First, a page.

As part of our December Mostra Meet the Artists series, we spoke to Holly Hendry (Rome Fellow in Contemporary Art) about ideas of absence, presence, and containment.
Making and building processes are a big part of your sculptural thinking and in your latest work you are focusing on the idea of the mould and the cast as a sculptural form. I know you visited the collection of casts in the amazing Cinecittà Studios. How important was this experience for your residency in Rome?
Visiting Cinecittà was really important for me. As well as still being a functional workplace, the workshops hold an amazing collection of sculptures that were props for films, ranging from full size versions of the Colossus of Constantine or Mickey Mouse, to architectural mouldings and reliefs. I have been interested in the idea of sculptural edges – specifically the mould as a container as well as being a sculptural form in itself – the way its inside becomes its outside when used to cast from, and its relationship with the authentic or the copy in terms of reproduction.
It has been useful for me to see replications and copies of actual artefacts in places like Pompeii where the original is in the museum and a direct copy has been placed in the site. I have been thinking about the way our relationship changes knowing what is ‘real’ or ‘fake’ and what that really means. I have also been looking and thinking about reliquaries while I have been in Rome, and their function as the container for relics that are often said to be body parts of saints. These containers become just as (if not more) important as their innards, acting as the physical form of contact between worshippers and higher realms.
For me, these ideas of containment have connections with moulds too. I love that Cinecittà has become this graveyard of fragments, body parts, mould parts that seems able to deal with the cast as what it stands for as both a precious original and a cheap reproduction. I have been thinking about them in relation to the idea of a sarcophagus – directly translating as skin case or flesh eating stone. These sarcophogeal skins are a sculpture as reliquary or grave – a shell of memorial referencing their counterpart existing elsewhere. The Alberto Burri monument in Sicily does the same thing, speaking about an absence (the ruined town in Gibellina) through its own presence. So that is why Cinecittà felt so important to me with all the old moulds and forms – these objects as the spaces that speak of other sculptures – and the logic or procedure behind keeping these ‘skins’ of the sculptures that would facilitate their potential recreation.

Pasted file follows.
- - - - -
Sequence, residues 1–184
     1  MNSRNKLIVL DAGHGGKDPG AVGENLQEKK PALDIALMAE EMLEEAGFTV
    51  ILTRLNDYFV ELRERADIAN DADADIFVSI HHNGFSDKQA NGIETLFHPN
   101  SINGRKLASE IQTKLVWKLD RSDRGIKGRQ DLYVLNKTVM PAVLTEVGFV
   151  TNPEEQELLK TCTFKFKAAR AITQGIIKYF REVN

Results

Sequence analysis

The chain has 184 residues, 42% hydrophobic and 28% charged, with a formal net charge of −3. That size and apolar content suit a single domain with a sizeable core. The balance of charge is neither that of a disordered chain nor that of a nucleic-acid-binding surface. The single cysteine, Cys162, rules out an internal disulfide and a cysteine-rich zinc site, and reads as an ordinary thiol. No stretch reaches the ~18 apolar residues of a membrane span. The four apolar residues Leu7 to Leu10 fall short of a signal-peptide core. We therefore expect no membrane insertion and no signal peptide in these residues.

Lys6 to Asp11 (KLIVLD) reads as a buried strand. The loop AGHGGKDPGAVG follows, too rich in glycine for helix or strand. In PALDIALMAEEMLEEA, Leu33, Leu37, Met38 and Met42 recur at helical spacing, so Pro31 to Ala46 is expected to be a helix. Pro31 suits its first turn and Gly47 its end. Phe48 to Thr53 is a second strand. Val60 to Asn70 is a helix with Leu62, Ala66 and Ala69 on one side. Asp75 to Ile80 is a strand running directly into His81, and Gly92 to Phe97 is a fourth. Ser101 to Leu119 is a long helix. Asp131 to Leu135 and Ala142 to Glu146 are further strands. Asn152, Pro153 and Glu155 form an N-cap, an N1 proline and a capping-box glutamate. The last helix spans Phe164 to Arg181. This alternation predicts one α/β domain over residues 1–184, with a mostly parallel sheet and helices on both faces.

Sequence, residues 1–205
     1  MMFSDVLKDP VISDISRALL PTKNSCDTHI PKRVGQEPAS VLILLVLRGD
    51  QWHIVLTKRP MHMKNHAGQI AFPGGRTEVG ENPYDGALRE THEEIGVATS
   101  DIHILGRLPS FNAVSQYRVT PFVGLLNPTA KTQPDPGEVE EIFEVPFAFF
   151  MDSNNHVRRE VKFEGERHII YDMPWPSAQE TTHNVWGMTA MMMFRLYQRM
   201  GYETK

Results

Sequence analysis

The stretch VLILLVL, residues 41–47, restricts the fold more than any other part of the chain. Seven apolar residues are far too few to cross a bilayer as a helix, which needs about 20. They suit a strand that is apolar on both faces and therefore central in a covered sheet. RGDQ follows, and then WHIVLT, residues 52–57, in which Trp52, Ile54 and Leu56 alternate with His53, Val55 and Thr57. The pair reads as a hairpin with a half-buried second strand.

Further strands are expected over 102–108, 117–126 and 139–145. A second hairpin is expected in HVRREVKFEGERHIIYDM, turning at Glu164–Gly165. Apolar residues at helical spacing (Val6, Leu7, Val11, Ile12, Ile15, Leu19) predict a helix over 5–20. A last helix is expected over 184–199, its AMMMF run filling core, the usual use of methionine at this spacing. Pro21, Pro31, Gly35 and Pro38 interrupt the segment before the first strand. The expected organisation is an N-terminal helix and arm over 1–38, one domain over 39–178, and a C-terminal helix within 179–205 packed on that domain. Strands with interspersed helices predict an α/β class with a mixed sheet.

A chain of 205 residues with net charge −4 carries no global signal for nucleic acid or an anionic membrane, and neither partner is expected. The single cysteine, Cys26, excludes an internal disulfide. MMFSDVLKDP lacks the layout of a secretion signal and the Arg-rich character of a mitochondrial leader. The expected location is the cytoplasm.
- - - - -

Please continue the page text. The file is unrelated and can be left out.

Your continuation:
You have a show at Frutta Gallery in Rome until January 2019. Could you tell us more about this project and do you think there is a connection between this show and the works you are showing at the December Mostra?
The Frutta show was a way for me to work through thoughts concerning sculptures and images. The title of the show was GUM SOULS which conjured something that simultaneously speaks of material base-ness and a higher realm. I have been reading about ‘out-of-body experiences’ and the idea of a soul as the character of your body – something full of life, yet the only materially ungraspable part of our body, and the word gum, for me, conjures something quite physical, be it in your mouth or a rubbery texture that gets stuck to the bottom of your shoe. (I think that reliquaries can reference both extremes of carnal and transcendent too.)
The works in the Frutta show also deal with humour, using fake, joke-shop-like body parts that are commonly used to give the illusion of life, because faking can also be funny. I was interested in the way that these objects (and hopefully the work too) straddle the lines of humour and mortality – dumb Halloween style bodily appendages that represent ancient figures of abjection such as the vampire, ghoul, zombie or witch. Using these materials, the Frutta show presents these sliced or lobotomised anatomies in the form of a series of wall and floor-based sculptures. They are made from cast sections that are placed together (in the same way that you would construct a puzzle) to create a form of chunky image that straddles the lines of image and sculpture – flat but fighting to be three-dimensional.
Since I have been in Rome I have looked at lots of floors, and images made from other materials, such as mosaics and opus sectile images (created from fragments of broken tile and marble shards). They are objects that have been pushed into a flat surface to form an image. I was particularly excited about the ‘Unswept Floor’ mosaic at the Vatican and the use of shadows and perspective on a flat surface to depict detritus. It also made me think more about rubbish, breakdown and bodies and I have started to make works that acts as containers for things – perhaps bins or money boxes.
The work for the Mostra has similarities to the Frutta works in that the Mostra work is made from parts that fit together. However, it feels different through the way that the new work has more of an architectural function, standing away from the wall. I have been using perspex to make sections which has an interesting effect on the weight and form of the materials and I feel excited to keep going with this.
Holly Hendry (Rome Fellow in Contemporary Art)
Holly’s work is currently on show alongside the six other resident artists in December Mostra, opening hours 16.30-19.00 until Saturday 22 December 2018.